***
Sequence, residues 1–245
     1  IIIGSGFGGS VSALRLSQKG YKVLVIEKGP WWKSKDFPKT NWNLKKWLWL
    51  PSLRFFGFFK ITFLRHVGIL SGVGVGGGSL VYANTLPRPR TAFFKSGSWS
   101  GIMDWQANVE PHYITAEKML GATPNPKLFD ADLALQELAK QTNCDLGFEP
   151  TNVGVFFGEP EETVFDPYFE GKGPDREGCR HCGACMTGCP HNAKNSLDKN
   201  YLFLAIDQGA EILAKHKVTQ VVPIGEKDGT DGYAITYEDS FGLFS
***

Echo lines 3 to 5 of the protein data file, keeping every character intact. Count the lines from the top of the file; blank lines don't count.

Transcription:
    51  PSLRFFGFFK ITFLRHVGIL SGVGVGGGSL VYANTLPRPR TAFFKSGSWS
   101  GIMDWQANVE PHYITAEKML GATPNPKLFD ADLALQELAK QTNCDLGFEP
   151  TNVGVFFGEP EETVFDPYFE GKGPDREGCR HCGACMTGCP HNAKNSLDKN